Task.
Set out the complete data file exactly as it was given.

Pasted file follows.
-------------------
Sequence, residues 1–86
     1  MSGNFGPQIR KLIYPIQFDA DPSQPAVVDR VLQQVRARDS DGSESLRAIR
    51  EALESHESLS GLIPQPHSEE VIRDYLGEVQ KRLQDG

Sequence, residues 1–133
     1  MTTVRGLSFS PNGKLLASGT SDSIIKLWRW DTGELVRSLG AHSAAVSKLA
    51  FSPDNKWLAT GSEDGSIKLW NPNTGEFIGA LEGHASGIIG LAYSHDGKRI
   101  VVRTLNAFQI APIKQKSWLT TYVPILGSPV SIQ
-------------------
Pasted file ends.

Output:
Sequence, residues 1–86
     1  MSGNFGPQIR KLIYPIQFDA DPSQPAVVDR VLQQVRARDS DGSESLRAIR
    51  EALESHESLS GLIPQPHSEE VIRDYLGEVQ KRLQDG

Sequence, residues 1–133
     1  MTTVRGLSFS PNGKLLASGT SDSIIKLWRW DTGELVRSLG AHSAAVSKLA
    51  FSPDNKWLAT GSEDGSIKLW NPNTGEFIGA LEGHASGIIG LAYSHDGKRI
   101  VVRTLNAFQI APIKQKSWLT TYVPILGSPV SIQ